As part of our preparation for Phase 1 enabling works, you may have seen Wessex Archaeology on-site completing evaluation trial trenching. This consists of digging a shallow trench to examine the archaeological potential of a site. The team has made an exciting discovery, a Bronze Age archaeological feature called a burnt mound.
Burnt mounds are a prominent feature in the middle to late Bronze Age (1600–700BC) landscape and are normally located near a waterway. During our excavations at the site, a burnt mound made up of burnt stone and charcoal has been discovered within the boundary of one of the community parks.
There are lots of theories about what burnt mounds were used for, these range from building boats to making alcohol and even creating saunas. The most interesting aspect of a burnt mound is that its purpose still largely remains a mystery, but there are lots of scientific techniques which can be applied to the feature to help us try and unravel it.
Elsewhere on-site, we have found physical evidence, such as waterlogged ditches and subsequent reed growth, that match the historic Brewood Parish Boundary.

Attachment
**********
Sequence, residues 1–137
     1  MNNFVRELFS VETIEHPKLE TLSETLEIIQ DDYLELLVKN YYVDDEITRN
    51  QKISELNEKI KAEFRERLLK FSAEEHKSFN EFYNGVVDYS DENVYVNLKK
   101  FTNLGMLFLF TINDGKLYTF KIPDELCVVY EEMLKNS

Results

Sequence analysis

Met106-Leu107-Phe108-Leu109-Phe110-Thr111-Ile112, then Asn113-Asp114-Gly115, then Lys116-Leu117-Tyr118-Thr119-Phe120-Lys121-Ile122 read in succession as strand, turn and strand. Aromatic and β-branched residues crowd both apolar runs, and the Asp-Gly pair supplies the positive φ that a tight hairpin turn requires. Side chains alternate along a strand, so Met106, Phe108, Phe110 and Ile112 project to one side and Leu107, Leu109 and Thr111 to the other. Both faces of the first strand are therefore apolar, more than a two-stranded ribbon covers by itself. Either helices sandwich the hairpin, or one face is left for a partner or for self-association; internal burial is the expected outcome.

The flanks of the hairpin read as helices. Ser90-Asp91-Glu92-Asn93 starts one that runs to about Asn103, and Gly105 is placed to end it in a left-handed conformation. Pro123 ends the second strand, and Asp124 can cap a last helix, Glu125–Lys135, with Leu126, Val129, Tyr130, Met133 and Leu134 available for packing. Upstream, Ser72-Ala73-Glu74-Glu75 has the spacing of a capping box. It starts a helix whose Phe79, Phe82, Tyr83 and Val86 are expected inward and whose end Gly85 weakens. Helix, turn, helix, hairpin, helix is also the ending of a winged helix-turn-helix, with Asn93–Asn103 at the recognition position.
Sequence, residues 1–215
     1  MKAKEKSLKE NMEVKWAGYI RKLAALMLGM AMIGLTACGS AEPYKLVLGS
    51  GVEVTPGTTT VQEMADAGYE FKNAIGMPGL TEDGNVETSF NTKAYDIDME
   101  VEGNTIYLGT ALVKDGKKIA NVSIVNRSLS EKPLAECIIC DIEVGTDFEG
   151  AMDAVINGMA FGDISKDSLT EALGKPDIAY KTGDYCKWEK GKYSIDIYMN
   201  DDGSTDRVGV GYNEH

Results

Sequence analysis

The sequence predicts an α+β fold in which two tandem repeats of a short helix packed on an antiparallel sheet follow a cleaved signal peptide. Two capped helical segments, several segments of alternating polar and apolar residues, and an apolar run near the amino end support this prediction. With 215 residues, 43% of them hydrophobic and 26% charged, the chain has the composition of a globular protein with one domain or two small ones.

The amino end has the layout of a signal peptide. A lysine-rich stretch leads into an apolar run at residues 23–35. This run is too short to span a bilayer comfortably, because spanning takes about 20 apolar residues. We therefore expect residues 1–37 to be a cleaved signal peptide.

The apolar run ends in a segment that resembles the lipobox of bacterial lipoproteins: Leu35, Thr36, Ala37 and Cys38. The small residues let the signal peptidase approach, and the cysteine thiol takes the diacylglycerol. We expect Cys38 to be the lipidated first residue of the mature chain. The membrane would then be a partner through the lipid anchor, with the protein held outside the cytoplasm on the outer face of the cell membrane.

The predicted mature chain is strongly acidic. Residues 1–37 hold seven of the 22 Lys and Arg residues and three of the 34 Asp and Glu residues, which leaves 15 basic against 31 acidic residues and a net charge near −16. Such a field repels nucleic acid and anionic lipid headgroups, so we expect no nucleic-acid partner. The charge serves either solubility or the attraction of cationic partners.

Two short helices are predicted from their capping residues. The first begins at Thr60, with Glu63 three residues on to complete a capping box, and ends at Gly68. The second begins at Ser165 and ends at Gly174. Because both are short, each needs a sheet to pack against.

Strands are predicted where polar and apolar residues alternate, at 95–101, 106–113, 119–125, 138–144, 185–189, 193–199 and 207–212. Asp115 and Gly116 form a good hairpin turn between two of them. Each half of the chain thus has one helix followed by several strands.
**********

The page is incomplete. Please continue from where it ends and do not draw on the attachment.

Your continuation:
We’ve carried out a huge amount of archaeological work already – opening around 400 trenches across the site. The shallow trenches are 50 metres in length and up to 1.8 metres wide and are used to decide whether more detailed archaeological work is needed.
In the next stage, following instruction from the county archaeologist, the area around the burnt mound will be opened up further to try to fully understand the mound and its surrounding landscape.
To find out more about evaluation trial trenching, please click here.< BACK TO INSIGHTS